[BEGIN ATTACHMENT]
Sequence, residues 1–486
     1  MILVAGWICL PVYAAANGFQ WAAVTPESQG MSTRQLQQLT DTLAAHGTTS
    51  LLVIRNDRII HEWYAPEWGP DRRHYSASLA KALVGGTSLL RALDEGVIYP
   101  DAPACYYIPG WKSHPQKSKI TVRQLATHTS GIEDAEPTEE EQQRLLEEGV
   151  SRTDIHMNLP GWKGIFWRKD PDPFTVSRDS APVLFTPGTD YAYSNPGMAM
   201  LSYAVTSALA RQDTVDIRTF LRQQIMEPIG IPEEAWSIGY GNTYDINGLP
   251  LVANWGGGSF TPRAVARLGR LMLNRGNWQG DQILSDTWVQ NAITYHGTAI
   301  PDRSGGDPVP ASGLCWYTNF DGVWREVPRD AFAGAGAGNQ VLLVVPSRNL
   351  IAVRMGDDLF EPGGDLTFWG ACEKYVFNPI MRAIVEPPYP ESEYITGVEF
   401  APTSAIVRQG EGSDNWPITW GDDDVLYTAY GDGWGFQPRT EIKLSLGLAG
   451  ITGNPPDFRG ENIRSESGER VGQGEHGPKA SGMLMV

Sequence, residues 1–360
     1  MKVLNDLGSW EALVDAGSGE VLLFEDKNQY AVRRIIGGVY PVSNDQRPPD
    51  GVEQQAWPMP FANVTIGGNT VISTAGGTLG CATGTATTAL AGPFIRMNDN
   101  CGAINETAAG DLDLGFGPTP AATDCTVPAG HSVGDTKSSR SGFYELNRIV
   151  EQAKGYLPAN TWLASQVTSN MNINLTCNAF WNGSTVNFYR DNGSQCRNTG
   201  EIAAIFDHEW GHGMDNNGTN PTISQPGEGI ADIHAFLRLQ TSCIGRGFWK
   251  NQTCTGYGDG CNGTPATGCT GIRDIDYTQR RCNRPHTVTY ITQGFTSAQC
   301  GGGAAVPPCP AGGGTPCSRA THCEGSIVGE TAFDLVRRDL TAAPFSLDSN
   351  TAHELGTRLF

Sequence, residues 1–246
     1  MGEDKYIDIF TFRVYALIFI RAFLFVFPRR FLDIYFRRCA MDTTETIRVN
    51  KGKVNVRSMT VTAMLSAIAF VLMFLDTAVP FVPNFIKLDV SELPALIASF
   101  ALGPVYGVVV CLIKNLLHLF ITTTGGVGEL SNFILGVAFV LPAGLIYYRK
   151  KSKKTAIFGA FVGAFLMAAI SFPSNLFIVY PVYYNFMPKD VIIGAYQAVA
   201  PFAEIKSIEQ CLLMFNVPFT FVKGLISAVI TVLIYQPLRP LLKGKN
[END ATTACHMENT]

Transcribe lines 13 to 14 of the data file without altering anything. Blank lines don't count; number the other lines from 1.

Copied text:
     1  MKVLNDLGSW EALVDAGSGE VLLFEDKNQY AVRRIIGGVY PVSNDQRPPD
    51  GVEQQAWPMP FANVTIGGNT VISTAGGTLG CATGTATTAL AGPFIRMNDN